Young people do not seem to have developed a taste for, and an appreciation of, good cooking. Many don’t even know how to cook. They are so used to additives, salt, sugar and supermarket ‘sauces’, they don’t have a palate that appreciates the clean taste of fresh food.

    Even when I was working it only took me 20-30 minutes to cook dinner when I got home. It was fresh, tasty and usually from an organic market stall. I am not used to processed food so don’t buy it. Even frozen vegetables are better than processed junk food. They are usually picked, cleaned, partially ccoked and snap frozen within 24 hours, so possibly they are fresher that the supermarket shelf.

    May be there should be more nutrition and cooking classes in schools. May be there should be a lot more taught to our children in schools as many seem totally unprepared for adulthood and work.

    At least there are SOME good healthy fast food meals out there in my city (instead of fried & additive laden junk) – once again, its all about Choice(s).

  29. the simple things in life just aren’t so simple anymore:)

  30. Sigh, I do love a good turkey dog!

    I’ve started participating in a local food co-op, $15/week for a huge basket of fruit and veggies. (Supposed to be $50 worth, and most weeks, it really is!) This has made me connect with my fellow man, as it is all volunteer run and Mr. T and I have already spent some time volunteering. And, it’s helped with our meals. I do cook 5 nights a week, with very few exceptions! I want to sit down with my son after school and work and sometimes we have conversations and sometimes we just enjoy a show on TV, but we spend the time together, and I like that! It’s nice to have so much fresh fruit and veggies with which to cook! Tonight we had mini bell pepper nachos. 🙂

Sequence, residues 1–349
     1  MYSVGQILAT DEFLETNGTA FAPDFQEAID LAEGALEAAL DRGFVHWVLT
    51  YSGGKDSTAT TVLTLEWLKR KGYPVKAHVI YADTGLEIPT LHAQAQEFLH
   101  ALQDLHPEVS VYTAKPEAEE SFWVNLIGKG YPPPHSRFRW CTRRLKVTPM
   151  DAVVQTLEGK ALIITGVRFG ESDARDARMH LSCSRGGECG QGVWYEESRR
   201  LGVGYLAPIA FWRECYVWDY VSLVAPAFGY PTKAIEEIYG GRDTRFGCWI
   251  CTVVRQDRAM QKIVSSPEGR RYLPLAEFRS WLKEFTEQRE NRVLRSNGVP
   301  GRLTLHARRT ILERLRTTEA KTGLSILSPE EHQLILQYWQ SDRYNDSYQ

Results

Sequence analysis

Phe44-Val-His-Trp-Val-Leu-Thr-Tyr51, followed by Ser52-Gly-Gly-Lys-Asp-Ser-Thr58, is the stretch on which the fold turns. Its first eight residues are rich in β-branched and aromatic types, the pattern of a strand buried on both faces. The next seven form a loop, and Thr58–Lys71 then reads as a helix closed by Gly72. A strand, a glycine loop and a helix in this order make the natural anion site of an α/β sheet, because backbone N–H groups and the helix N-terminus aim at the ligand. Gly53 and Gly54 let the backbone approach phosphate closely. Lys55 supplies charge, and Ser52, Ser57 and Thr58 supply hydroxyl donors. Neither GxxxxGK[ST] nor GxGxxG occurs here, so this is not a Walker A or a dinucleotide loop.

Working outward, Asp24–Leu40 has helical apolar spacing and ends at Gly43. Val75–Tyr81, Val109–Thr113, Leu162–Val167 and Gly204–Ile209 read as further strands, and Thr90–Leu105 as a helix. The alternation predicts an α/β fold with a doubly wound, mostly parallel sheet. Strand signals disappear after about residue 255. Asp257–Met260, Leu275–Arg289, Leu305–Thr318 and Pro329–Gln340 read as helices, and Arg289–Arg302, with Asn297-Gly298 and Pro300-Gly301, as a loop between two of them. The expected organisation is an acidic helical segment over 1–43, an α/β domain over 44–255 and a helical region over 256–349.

Have a great day!

  31. I cook dinner for my family every night using fresh ingredients. It was how I was raised, but I can’t say I always do so with an open heart. It’s worth it, however, to eat together, even if my husband is in a bad mood, and my teenaged son is monosyllabic. I hope it’s something the dude will remember and carry forward to his own family some day. And Chicago hot dogs need piccalilli.

  32. A high school teacher once told my class about the horrible way hot dogs are made. I don’t know if he was being truthful, but I still think about it. I rarely eat hot dogs because of that story.

    Cooking is hard. I try and make good healthy food every night and I always enjoy it more than fast food. Sometimes, though, you just need something fast. That might say something deeper about society as a whole. With time and patience, you can enjoy a healthy meal that will help you grow, or you can rush through a sub-par meal, the contents of which will slowly kill you if you eat too much too often.

  33. I hear you, Kenneth. I consider myself the original rebel, and for what it’s worth I think it’s great that you pulled both Kate and Leopold And Joe Vs. The Volcano for examples that question western culture, because I love both those movies, and whenever someone brings up the former the first thing that pops into my head is “fresh creamery butter!”

  34. vietnamese buddhist monk, teacher, and writer thich nhat hanh talks about the importance of mindful eating. sometimes people get so busy and rushed, we don’t even taste our food anymore. it’s a simple yet crucial part of life. thanks for liking my latest blog post.